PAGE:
Clearly, the idea of swearing in this case is to elicit a reaction, provoke a response. If this purpose can be achieved through other means, then swearing is not needed. Imagine you are answering a maths question and have 2 ways to solve it. Does it matter which method is used if you get the right answer, your purpose in this case? No, of course not. In the same way a person will react to a shout of “Look out!” just as they would with a swear word added. They both achieve their purpose.

Literature

The main point of this argument - the effect of swear words, I address in general, so I won’t cover that here. As for rhyming purposes, I think that there would be vanishingly few cases where no alternative to a swear word could be found, so I think this point pointless.

Arousal

While there are rare instances where swearing arouses, there are better terms to use. In a case of A or not A, there must be reason to say not A. A in this case being not swearing.

Group Identity

Okay, this is a case where I’ll say that if there is no reason to swear, people will typically not swear. Ie. If no one is ever taught a swear word, then no such situation where vulgar language is needed for group identity is found. I have to say that this is idealistic, so I’ll leave it up to voters as to whether they interpret this as being the present, or given the implementation of a lack of swearing.

Intentional Offense

Okay, here we both agree that swear words are meant to offend and hurt others. The question is whether it is right to do so. Clearly, suggestive meanings or deeply offensive words are an insult to a person, and may make them feel threatened, a violation of the right to safety. Therefore, it is not right to swear. If one wishes to offend someone one can shout and such, so long as one does not violate their right to safety. Swearing drastically increases the amount of times where safety can be verbally threatened.

Conclusion

I’d firstly like to remind voters and my opponent that it is my opponent’s burden to provide a reason to swear, my burden is to successfully counter all proposed reasons. Having said that, I think I’ve done a reasonable job refuting, although by no means a perfect one. Still, swear words are effectively unnecessary. Other offensive words that don’t violate basic rights exist. I remind voters to look at my example from round 1 where I gave the 3 ways of speaking. My opponent must provide a case where swearing has a reason that the other 2 do not have.

And with that I’ll turn it back to feverish.

feverish

Con

Thanks for the response.

I don't think Pro's rebuttals really hold much weight. Bear in mind I don't need to prove that swearing is in any way virtuous, nor that it is absolutely essential. If someone can achieve a specific intended purpose through swearing then they have a valid reason to swear, and by demonstrating at least one instance of this, I have upheld my burden.

I'm a little puzzled by a couple of statements made by my opponent in his last round:

"Other offensive words that don't violate basic rights exist."
"ridiculous cases like where a person knows no offensive words other than swear words."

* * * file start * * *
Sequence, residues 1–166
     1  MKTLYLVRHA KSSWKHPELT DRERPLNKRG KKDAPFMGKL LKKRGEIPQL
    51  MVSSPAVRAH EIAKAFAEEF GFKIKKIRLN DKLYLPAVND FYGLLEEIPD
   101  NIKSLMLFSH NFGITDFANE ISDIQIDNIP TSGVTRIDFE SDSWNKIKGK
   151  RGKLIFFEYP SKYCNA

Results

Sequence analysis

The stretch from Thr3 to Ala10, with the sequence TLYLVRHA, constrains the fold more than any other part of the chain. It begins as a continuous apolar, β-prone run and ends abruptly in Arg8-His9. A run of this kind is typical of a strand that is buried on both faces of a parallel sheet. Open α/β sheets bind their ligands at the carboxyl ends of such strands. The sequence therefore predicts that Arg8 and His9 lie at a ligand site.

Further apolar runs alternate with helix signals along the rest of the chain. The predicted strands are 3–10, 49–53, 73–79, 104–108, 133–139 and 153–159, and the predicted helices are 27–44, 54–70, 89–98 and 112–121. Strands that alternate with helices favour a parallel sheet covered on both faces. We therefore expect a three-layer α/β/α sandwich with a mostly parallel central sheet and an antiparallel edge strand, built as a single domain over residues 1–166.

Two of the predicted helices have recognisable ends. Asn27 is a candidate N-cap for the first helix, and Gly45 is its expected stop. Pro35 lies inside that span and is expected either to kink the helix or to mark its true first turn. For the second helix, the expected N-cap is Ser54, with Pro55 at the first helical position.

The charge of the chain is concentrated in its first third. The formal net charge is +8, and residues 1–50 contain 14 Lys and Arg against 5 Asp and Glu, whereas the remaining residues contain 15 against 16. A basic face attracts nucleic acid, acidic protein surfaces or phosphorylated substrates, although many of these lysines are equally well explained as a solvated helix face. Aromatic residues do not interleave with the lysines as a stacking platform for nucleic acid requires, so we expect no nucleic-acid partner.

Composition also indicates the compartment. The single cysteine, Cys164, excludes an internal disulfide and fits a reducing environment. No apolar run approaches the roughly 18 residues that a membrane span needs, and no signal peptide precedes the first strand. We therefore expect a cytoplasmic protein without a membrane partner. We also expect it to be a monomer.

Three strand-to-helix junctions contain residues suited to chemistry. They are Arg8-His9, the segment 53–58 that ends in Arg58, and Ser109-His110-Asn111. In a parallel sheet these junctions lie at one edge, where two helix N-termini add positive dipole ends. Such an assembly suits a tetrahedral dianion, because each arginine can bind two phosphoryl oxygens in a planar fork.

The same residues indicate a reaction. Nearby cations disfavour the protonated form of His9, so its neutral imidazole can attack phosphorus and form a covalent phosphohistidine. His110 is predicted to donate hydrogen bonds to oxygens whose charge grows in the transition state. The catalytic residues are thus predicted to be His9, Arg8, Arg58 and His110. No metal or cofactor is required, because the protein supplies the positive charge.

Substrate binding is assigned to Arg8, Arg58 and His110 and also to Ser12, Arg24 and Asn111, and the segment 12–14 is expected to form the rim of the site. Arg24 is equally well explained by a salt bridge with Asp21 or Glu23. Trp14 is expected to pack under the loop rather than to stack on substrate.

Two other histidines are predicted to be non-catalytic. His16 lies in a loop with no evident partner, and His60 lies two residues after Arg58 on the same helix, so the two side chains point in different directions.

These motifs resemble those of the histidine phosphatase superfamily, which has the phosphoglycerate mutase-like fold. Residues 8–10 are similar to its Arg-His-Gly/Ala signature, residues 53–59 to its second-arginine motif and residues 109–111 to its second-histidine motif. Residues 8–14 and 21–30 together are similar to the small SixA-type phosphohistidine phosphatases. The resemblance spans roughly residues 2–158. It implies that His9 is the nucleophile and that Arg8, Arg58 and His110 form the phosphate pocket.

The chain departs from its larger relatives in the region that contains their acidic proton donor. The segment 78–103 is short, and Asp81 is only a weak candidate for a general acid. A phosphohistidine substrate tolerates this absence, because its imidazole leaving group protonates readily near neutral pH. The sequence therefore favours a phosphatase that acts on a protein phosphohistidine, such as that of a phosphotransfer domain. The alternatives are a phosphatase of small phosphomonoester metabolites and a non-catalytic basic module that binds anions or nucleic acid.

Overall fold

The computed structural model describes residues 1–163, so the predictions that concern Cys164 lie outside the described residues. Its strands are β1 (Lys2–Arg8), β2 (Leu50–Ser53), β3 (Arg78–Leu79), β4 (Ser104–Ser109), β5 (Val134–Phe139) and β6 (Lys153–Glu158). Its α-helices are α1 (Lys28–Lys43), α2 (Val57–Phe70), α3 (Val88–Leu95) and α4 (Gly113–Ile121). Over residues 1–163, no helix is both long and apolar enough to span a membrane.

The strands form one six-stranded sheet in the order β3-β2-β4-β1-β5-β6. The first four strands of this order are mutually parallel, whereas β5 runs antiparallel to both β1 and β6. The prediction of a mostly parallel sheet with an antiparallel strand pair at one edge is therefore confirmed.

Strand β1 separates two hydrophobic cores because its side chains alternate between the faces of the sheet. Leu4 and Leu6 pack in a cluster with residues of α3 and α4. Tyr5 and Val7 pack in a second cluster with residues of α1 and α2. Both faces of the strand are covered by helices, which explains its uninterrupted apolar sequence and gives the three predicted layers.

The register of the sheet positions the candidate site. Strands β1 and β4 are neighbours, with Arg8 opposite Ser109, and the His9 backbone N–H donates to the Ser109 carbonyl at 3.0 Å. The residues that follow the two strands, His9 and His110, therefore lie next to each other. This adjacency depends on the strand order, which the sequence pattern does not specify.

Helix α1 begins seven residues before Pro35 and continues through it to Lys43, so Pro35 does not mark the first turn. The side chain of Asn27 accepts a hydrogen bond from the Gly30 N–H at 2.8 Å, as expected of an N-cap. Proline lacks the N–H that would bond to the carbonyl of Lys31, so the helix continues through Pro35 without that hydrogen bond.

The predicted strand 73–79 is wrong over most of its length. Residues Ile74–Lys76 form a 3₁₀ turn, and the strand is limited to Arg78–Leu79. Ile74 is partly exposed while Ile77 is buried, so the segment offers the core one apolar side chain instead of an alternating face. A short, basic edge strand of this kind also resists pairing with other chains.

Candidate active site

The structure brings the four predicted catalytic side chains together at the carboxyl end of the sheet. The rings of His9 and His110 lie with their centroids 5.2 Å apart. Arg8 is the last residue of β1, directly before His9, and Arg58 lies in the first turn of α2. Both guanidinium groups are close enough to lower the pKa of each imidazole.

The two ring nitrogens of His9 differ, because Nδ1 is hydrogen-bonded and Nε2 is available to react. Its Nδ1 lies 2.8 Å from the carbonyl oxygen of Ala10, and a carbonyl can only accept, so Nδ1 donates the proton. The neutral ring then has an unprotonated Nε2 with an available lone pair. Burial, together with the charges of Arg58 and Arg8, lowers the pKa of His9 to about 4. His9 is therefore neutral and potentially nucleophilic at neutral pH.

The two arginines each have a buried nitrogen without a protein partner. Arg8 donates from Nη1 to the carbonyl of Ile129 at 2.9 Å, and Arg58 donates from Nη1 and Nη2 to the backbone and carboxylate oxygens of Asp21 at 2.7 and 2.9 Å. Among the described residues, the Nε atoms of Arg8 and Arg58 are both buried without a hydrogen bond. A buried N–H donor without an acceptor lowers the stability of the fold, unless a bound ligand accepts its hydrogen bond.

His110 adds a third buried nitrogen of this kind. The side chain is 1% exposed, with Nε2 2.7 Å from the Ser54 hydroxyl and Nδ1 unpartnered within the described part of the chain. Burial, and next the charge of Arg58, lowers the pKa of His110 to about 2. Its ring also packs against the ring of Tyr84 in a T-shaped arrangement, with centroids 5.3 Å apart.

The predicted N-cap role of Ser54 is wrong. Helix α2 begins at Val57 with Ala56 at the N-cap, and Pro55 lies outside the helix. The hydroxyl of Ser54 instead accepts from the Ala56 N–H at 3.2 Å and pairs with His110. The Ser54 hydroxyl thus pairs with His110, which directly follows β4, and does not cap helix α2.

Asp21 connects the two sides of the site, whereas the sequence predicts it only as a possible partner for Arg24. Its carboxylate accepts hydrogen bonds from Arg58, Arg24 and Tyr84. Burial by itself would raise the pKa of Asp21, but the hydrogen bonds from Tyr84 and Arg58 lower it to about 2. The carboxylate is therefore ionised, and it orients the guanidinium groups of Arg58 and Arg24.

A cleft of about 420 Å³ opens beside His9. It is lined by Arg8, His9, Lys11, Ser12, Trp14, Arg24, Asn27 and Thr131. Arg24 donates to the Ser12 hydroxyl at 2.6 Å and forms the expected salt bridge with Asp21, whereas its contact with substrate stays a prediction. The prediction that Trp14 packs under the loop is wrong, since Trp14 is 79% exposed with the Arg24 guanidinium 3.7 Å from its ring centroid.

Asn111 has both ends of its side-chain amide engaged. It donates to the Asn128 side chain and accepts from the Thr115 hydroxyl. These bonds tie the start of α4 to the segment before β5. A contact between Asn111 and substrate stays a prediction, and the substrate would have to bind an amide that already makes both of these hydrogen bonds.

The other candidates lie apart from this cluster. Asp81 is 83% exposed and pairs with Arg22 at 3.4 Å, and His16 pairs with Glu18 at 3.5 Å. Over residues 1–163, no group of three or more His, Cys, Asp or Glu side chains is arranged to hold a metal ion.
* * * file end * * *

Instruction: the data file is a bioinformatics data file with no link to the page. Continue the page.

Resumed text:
I don't want to be abusive in any way by bringing in defnitions at this late stage, but it seems that there is some confusion of what swearing is, so let's refer to the dictionary. http://en.wiktionary.org... It is clear that we are not talking about swearing in the sense of taking an oath, so the remaining definition is simply "offensive language". The term "vulgar" was used by Pro in the resolution, and with this context can only refer to offensive language, "An offensive or obscene act or expression" http://en.wiktionary.org...

What is offensive is of course subjective, but I really don't know what "other offensive words" my opponent is referring to. Obviously one can offend someone else without swearing, but if the isolated words themselves are inherently offensive, they clearly qualify as swear words. Since Pro is apparently advocating use of offensive language, it appears he's conceding all arguments.

Emphasis


Pro's rebuttal here seems based on the peculiar notion that a more limited vocabulary can be preferable. He talks about "if a person does not know any swear words" which seems highly unlikely for any English speaking adult. Even my opponent, a teenager who disapproves of swearing is obviously aware of many swear words himself.

Pro acknowledges that "the harshest words they know are the ones they use when expressing the maximum possible anger" and since most people know some swear words he is apparently recognising a reason for their use. That some people may not know swear words and therefore make use of different words in no way negates the fact that most people have reason to employ more offensive terms for emphasis.

Anger release


Pro insists that shouting is key but hasn't addressed my argument that shouting "fvck! sh1t! cvnt!" releases far more anger than shouting "drat! blast! bother!".

There is in fact scientific data confirming that swearing is more effective than use of milder language to release anger in situations such as when dealing with pain: http://www.sciencedaily.com... http://news.bbc.co.uk...

Test subjects who were permitted to swear endured ice water for almost half as long again as those who kept a civil tongue.

Emergency


I will admit that in some situations the extra time taken to swear may be counter productive, but I maintain that in other cases, the use of swearing can be far more likely to grip the attention of the person being addressed.

Pro uses an analogy of a maths test, saying that two different ways of solving a problem are both valid solutions. As I see it, this supports my own case more than his. There can be valid reasons to swear, even if it is not the only way to achieve the desired result.